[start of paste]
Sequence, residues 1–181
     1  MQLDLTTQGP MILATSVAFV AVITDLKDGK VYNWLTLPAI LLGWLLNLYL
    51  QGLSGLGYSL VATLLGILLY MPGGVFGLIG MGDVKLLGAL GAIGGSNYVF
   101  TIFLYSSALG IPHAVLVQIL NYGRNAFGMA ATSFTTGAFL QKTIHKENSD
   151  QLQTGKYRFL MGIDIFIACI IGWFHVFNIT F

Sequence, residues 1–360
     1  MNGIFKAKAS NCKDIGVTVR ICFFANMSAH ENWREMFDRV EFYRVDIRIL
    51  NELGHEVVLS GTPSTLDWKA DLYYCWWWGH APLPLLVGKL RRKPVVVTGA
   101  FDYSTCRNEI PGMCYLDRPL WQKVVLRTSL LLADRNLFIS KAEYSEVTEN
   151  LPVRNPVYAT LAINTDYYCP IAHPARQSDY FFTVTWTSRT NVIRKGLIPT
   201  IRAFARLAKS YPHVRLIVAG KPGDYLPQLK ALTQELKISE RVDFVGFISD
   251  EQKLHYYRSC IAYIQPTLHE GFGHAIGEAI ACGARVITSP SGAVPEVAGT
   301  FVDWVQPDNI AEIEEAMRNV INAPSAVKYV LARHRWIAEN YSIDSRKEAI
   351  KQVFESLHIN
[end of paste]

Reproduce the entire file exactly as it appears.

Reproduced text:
Sequence, residues 1–181
     1  MQLDLTTQGP MILATSVAFV AVITDLKDGK VYNWLTLPAI LLGWLLNLYL
    51  QGLSGLGYSL VATLLGILLY MPGGVFGLIG MGDVKLLGAL GAIGGSNYVF
   101  TIFLYSSALG IPHAVLVQIL NYGRNAFGMA ATSFTTGAFL QKTIHKENSD
   151  QLQTGKYRFL MGIDIFIACI IGWFHVFNIT F

Sequence, residues 1–360
     1  MNGIFKAKAS NCKDIGVTVR ICFFANMSAH ENWREMFDRV EFYRVDIRIL
    51  NELGHEVVLS GTPSTLDWKA DLYYCWWWGH APLPLLVGKL RRKPVVVTGA
   101  FDYSTCRNEI PGMCYLDRPL WQKVVLRTSL LLADRNLFIS KAEYSEVTEN
   151  LPVRNPVYAT LAINTDYYCP IAHPARQSDY FFTVTWTSRT NVIRKGLIPT
   201  IRAFARLAKS YPHVRLIVAG KPGDYLPQLK ALTQELKISE RVDFVGFISD
   251  EQKLHYYRSC IAYIQPTLHE GFGHAIGEAI ACGARVITSP SGAVPEVAGT
   301  FVDWVQPDNI AEIEEAMRNV INAPSAVKYV LARHRWIAEN YSIDSRKEAI
   351  KQVFESLHIN